By Vicki Needham - 05/07/14 02:20 PM EDT
A bipartisan duo on the Senate Banking Committee urged panel leaders on Wednesday to take up a reauthorization of the Export-Import Bank.
Sens. Joe Manchin (D-W.Va.) and Mark Kirk (R-Ill.) sent a letter to panel Chairman Tim Johnson (D-N.D.) and ranking member Mike Crapo (R-Idaho) asking them to schedule a vote on legislation to provide another round of funding, which is set to run out Sept. 30.
"Considering a majority of senators support the Ex-Im Bank and its reauthorization is imperative, we see no reason to delay this vote," they wrote.
“After all, if we do not reauthorize the Bank, the U.S. stands to lose over 1 million jobs and billions of dollars in exports."
The issue is likely next up on the panel’s agenda after they consider legislation to overhaul the housing finance system, which is expected to continue next week.
At the end of April, the White House sent legislation to Capitol Hill that would extend the Bank’s authority for five years and increase the lending cap by $5 billion each fiscal year from 2015 through 2018, with an exposure limit capped at $160 billion.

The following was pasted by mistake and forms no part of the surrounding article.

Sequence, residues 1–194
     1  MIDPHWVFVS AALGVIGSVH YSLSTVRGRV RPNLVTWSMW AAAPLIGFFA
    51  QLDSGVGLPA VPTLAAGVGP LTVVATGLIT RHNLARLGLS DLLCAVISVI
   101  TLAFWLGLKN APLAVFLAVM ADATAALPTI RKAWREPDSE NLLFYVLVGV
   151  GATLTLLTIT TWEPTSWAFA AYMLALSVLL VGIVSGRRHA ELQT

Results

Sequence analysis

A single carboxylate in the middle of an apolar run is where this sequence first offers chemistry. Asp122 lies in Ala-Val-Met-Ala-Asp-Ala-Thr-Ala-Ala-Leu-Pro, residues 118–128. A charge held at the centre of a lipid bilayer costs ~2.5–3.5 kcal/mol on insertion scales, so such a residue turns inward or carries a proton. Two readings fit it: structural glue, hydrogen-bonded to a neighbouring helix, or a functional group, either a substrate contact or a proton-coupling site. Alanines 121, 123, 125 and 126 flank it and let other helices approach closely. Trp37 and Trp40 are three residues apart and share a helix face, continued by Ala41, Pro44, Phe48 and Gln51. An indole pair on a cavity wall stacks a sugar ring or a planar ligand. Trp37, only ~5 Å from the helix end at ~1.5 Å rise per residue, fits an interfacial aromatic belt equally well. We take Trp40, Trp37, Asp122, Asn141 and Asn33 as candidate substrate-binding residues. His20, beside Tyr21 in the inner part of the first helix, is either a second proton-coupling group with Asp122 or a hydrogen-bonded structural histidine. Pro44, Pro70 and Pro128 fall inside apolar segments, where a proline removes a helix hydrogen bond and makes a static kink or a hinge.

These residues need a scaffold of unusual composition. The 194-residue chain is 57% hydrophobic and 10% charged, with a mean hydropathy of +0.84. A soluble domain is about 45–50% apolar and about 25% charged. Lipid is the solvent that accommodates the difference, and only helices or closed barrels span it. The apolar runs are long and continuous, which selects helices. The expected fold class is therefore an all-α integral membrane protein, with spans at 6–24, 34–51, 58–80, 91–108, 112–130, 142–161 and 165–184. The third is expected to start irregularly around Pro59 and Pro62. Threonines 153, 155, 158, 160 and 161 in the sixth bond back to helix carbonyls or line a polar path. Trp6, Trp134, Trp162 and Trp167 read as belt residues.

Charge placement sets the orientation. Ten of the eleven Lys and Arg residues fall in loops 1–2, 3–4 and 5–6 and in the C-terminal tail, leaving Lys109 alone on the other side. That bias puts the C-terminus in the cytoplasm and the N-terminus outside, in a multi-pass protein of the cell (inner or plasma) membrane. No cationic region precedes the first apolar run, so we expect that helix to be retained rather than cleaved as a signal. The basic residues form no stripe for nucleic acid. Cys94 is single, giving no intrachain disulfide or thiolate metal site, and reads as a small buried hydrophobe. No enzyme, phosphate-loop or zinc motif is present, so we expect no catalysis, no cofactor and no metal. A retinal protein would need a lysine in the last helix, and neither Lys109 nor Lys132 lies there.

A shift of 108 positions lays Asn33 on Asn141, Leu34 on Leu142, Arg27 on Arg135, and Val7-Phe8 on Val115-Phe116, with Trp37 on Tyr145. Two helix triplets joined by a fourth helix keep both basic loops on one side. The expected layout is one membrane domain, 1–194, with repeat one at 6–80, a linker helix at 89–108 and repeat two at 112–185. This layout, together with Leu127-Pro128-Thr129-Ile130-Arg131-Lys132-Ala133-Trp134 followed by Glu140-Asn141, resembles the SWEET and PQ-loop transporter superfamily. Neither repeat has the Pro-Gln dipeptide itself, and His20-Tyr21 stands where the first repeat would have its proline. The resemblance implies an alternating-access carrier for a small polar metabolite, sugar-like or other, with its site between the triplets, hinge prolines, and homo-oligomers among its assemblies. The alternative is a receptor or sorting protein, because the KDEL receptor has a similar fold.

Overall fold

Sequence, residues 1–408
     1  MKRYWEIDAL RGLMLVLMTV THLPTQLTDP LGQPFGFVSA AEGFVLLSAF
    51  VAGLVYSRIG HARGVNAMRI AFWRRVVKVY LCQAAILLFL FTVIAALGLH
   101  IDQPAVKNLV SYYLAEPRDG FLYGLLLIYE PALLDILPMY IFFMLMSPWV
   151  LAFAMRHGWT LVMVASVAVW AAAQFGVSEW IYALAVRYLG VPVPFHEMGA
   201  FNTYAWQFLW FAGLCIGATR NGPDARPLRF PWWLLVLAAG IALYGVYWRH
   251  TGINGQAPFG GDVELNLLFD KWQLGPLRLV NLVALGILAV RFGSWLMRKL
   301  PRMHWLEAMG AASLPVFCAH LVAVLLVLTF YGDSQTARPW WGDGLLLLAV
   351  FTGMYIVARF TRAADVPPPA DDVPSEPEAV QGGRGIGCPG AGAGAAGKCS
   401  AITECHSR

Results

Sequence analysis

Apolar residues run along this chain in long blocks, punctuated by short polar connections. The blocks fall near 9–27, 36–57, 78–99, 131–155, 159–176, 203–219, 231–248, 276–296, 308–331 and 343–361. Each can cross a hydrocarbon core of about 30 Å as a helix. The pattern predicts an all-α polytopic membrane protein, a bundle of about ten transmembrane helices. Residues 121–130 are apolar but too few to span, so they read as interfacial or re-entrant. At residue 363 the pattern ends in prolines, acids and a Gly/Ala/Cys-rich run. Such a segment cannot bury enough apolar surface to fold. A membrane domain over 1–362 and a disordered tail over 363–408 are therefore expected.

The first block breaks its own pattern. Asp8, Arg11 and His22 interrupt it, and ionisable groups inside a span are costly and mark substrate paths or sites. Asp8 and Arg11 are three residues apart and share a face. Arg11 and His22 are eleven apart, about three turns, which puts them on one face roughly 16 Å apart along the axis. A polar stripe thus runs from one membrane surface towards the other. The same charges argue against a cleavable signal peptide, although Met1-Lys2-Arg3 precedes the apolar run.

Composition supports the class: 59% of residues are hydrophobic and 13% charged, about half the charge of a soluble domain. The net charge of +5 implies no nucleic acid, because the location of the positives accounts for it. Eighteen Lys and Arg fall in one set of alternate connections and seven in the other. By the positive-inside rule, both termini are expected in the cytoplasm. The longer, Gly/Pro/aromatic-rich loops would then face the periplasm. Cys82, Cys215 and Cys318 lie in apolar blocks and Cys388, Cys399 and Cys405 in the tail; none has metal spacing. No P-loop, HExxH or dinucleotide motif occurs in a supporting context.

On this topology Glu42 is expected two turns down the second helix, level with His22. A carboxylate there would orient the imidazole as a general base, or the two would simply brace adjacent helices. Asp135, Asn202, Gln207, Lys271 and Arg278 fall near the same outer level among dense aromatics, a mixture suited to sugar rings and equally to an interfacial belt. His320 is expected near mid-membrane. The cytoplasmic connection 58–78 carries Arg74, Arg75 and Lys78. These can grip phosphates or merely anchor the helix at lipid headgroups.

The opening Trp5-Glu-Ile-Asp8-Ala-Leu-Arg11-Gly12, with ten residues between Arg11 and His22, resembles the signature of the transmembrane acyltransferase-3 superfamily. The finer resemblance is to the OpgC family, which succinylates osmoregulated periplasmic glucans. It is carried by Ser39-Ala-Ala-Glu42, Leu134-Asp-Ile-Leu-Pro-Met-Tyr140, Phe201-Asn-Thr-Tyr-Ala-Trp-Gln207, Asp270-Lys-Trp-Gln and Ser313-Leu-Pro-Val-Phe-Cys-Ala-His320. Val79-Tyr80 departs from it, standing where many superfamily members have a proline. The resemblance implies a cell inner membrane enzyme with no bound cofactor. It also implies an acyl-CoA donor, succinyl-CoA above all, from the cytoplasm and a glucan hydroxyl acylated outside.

The 80-year-old Bank, headed by Fred Hochberg, went through a tough reauthorization fight two years ago but managed to land broad support in the House and Senate.
In the letter, the senators argue that last year the Ex-Im Bank financed a record 3,413 small businesses, which is almost 90 percent of the all transactions.
"Constituents in our home states of West Virginia and Illinois have told us that, without Ex-Im Bank services, their small businesses would have no opportunity to participate in lucrative export markets,” they said.
The fight for funding is looking more difficult this time around with conservative groups rallying against Ex-Im's charter and some House Republicans saying they won't support a reauthorization.
House Financial Services Chairman Jeb Hensarling (R-Texas) and Budget Committee Chairman Paul Ryan (R-Wis.) rank among the bank’s opponents.
Still, the Bank has plenty of powerful supporters — U.S. Chamber of Commerce and National Association of Manufacturers — that argue that the Bank helps provides many small-sized U.S. businesses the best way to get their products into foreign markets.